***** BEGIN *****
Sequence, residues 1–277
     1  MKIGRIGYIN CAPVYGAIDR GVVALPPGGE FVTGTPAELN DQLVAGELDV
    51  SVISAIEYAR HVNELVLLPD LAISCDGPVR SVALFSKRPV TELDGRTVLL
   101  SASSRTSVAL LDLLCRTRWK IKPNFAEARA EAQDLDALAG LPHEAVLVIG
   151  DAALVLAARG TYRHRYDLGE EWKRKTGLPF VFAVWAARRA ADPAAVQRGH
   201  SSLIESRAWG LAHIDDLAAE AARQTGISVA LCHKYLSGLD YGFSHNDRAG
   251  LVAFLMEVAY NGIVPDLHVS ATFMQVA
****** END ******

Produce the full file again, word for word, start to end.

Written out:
Sequence, residues 1–277
     1  MKIGRIGYIN CAPVYGAIDR GVVALPPGGE FVTGTPAELN DQLVAGELDV
    51  SVISAIEYAR HVNELVLLPD LAISCDGPVR SVALFSKRPV TELDGRTVLL
   101  SASSRTSVAL LDLLCRTRWK IKPNFAEARA EAQDLDALAG LPHEAVLVIG
   151  DAALVLAARG TYRHRYDLGE EWKRKTGLPF VFAVWAARRA ADPAAVQRGH
   201  SSLIESRAWG LAHIDDLAAE AARQTGISVA LCHKYLSGLD YGFSHNDRAG
   251  LVAFLMEVAY NGIVPDLHVS ATFMQVA